came out great and i washed it in washing machine [with some dark towel case the colors ran , but it came out looking as good as it did before being washed
also tried inkjet not bad - but def not washable, faded to very pale black with no colors i was really disappointed-i would buy a laser printer-but they are so large [as i would want an A3]
i even tried a homemade pre-treatment [on the net] took time and results were abysmal and almost all of it washed away

i think the laser printing is beautiful [though check your colors i as the guy in post office sharpened up my pics and density and lightened them up a tad-what a difference that made
i would only use inkjet -if i never intended to wash the printed piece -end of

dude I just did this with a laser printer and the image is great! I've read some places that toner is really waterproof too (I'm not certain of this statement's validity, as I have not personally tested it). Best of luck :)

As you see, the title is: "INKJET printing on fabric". So, the answer is "no".
It only works with inkjet printers.

Hi! I want to ask if we could use "STICKER PAPER" instead of "FREEZER PAPER". We cannot find any freezer paper here in the Philippines. Thank you for your reply.

3 replies

there no freezer paper here too. i suppose sticker paper should be fine but way way more expensive :/

The first time I tried this technique was about 15 years ago and we used wax paper and it works great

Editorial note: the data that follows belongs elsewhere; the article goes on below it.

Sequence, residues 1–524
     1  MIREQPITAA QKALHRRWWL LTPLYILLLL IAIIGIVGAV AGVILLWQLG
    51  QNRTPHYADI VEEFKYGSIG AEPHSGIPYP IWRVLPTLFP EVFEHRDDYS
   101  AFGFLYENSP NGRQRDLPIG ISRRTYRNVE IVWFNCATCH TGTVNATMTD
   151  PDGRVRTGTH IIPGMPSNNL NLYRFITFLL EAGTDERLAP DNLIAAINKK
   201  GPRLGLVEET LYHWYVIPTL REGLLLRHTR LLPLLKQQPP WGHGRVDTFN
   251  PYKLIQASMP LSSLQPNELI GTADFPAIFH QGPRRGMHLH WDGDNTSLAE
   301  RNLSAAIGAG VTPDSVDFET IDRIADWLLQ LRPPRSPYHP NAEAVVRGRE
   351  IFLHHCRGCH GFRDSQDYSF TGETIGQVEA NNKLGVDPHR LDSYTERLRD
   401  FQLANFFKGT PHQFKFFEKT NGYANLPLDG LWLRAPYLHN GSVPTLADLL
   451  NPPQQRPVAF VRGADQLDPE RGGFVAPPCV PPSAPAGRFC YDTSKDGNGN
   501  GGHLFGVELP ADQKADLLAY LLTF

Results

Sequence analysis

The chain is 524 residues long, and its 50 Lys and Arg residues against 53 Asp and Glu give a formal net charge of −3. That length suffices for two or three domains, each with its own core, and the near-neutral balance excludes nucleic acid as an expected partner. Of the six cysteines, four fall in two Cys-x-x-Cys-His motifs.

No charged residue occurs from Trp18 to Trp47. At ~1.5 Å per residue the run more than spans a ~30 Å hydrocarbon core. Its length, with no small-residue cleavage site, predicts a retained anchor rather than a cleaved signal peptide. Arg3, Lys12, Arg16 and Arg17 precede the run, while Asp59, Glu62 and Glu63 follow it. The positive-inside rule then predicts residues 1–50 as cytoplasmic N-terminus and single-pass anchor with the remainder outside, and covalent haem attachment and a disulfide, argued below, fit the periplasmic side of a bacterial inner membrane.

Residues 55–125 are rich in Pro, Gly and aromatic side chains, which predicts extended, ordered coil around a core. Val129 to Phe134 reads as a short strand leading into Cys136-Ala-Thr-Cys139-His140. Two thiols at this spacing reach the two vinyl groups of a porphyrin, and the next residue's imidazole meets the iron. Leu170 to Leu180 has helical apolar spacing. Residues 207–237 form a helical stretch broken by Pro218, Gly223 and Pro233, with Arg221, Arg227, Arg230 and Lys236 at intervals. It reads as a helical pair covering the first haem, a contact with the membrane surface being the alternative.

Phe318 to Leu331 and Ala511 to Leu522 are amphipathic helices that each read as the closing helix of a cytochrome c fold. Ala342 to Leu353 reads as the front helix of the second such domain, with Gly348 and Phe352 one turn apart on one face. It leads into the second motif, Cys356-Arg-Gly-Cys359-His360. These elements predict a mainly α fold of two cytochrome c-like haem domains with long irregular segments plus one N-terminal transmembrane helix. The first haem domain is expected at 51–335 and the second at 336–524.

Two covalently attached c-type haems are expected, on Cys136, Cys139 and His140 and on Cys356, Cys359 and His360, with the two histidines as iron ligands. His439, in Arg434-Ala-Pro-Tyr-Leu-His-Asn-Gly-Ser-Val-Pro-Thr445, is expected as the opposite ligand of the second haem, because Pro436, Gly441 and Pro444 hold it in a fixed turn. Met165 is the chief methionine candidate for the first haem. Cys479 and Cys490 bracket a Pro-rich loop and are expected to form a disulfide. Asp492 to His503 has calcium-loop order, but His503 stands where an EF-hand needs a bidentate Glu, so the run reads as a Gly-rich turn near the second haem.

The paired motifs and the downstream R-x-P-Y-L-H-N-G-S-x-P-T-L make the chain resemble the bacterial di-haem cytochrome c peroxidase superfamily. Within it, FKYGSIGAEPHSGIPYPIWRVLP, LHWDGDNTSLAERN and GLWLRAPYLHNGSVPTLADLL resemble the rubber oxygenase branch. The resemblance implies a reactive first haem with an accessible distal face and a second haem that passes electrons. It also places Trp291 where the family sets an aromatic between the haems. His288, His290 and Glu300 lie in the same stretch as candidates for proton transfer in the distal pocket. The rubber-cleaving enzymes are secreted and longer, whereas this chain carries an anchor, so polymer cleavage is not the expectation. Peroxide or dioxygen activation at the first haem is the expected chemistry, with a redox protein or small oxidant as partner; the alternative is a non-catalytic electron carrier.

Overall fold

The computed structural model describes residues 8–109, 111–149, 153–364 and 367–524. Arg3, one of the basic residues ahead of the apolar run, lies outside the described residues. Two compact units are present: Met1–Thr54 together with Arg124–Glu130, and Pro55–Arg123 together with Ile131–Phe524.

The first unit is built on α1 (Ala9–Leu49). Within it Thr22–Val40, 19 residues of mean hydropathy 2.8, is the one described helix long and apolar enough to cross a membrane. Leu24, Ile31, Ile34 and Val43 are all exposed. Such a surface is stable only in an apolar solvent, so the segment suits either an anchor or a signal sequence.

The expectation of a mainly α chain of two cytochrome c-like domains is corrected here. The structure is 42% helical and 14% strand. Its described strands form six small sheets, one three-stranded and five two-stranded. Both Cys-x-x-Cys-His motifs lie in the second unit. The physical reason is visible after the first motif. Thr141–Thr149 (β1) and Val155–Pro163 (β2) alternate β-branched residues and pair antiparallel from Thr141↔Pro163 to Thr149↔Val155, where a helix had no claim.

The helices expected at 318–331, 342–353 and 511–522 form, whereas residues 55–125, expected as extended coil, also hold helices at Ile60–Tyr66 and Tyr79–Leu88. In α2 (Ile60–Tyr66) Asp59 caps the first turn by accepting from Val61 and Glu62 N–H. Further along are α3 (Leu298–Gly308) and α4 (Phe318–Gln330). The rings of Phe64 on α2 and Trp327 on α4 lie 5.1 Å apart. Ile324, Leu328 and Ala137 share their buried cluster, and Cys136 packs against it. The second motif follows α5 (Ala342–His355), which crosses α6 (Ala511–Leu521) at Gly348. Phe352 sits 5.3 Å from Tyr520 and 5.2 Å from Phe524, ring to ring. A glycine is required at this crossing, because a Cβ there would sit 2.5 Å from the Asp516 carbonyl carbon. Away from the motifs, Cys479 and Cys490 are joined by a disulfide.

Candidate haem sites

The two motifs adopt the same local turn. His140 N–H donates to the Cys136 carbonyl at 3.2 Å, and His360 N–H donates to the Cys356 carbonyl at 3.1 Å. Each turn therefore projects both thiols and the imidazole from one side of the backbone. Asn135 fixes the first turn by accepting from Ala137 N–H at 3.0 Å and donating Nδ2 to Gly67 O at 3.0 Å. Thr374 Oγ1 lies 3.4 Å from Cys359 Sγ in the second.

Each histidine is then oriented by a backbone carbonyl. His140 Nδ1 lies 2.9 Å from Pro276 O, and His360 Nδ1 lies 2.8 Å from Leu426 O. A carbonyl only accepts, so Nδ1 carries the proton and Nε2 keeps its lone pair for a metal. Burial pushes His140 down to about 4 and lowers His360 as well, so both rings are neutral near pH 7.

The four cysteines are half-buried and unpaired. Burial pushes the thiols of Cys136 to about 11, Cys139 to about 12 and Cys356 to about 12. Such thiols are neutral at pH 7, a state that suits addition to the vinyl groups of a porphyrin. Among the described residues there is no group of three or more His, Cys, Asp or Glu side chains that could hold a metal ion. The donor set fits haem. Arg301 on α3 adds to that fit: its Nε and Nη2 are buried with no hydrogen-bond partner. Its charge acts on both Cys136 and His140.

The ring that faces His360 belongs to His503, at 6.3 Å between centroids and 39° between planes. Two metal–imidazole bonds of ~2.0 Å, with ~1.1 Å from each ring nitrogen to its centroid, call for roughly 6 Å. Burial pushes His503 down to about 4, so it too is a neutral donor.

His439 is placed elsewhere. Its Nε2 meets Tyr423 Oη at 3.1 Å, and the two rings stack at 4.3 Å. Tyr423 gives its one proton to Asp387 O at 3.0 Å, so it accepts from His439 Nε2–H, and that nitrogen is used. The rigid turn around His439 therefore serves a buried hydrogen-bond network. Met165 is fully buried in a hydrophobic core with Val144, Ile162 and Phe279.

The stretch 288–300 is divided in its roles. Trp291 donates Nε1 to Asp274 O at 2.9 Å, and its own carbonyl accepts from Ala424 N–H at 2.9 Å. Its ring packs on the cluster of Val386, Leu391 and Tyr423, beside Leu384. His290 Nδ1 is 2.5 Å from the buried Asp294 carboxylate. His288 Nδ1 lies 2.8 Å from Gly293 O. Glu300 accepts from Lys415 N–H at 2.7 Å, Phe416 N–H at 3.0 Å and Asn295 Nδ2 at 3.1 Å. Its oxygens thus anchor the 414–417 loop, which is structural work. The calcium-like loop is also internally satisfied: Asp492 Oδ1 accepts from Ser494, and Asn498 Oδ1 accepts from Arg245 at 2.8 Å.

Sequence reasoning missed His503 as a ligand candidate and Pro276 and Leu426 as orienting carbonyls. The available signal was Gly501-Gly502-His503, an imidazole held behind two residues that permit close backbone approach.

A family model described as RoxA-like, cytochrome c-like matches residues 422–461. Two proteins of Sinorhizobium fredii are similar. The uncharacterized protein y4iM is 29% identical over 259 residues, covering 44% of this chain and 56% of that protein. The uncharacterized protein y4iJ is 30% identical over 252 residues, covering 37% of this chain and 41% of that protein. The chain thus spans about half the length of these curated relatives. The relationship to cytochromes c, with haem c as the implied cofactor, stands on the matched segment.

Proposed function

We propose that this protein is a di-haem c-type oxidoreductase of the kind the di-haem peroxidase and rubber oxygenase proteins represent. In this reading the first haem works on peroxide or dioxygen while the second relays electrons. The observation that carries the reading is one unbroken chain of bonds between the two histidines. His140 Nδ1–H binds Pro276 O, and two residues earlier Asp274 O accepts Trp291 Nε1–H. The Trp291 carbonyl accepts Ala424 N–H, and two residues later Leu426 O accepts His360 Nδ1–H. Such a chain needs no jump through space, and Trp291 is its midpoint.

what printer is that

Hi, no freezer paper here in Australia. I've had success with putting wide masking tape down all four sides of my fabric .. half width of tape on one side, fold over the edge and the other half on the back.... if you see what I mean!

2 replies

Hi there, just thought I would let you know, in case you ever needed it, that Spotlight sell freezer paper. They keep it hidden away under the counter where you purchase fabrics and sell it by the metre.

Hi, Could you please explain your technique in more detail? For instance did you put masking tape down the edges of the fabric, fold it over and stick it to the other side and then feed the paper into the printer? You would have to keep the photo inside the taped edges then?

My printer doesn't have settings for paper thickness, so I tried the paper types. It spit out glossy and crumpled up plain paper, but finally worked on matte.

I had some difficulty with ink blobs along the top edge, dragging down onto the image when I ironed the fabric all the way to the top of the freezer paper.. I cut the fabric slightly smaller all around, approx. 1/2" and it made a much cleaner transfer. Otherwise this is a great method to print on fabric. I also had purchased some 8-1/2" x 11" freezer paper sheets in the past which make this process a little easier.


2 years ago

can i use calico instead of cotton?


2 years ago

For those who cant get freezer paper, try using repositional tape or repositional adhesive spray. I have used this to print on ribbon. You can get it with scrapbooking supplies or art supply stores.

My printer was haphazard. It would accept 1 sheet of fabric then the next one would jam. So far i have resolved the problems by doing the following: I cut the fabric a little larger than the freezer paper. I set the iron on high heat, and layed the fabric on top of the shiny side of freezer paper. I ironed slowly, pressing from center towards the edges to get out air bubbles. (but not so long that the fabric burns!)

While its still warm i place the ironed sheet under a large book so it stays flat. Then I carefully trim all 4 edges using a quilt wheel and straight edge so it exactly matches the paper.

I set the printer to "best" quality print and chose "other photo" paper.

It has worked every time. Hope this helps!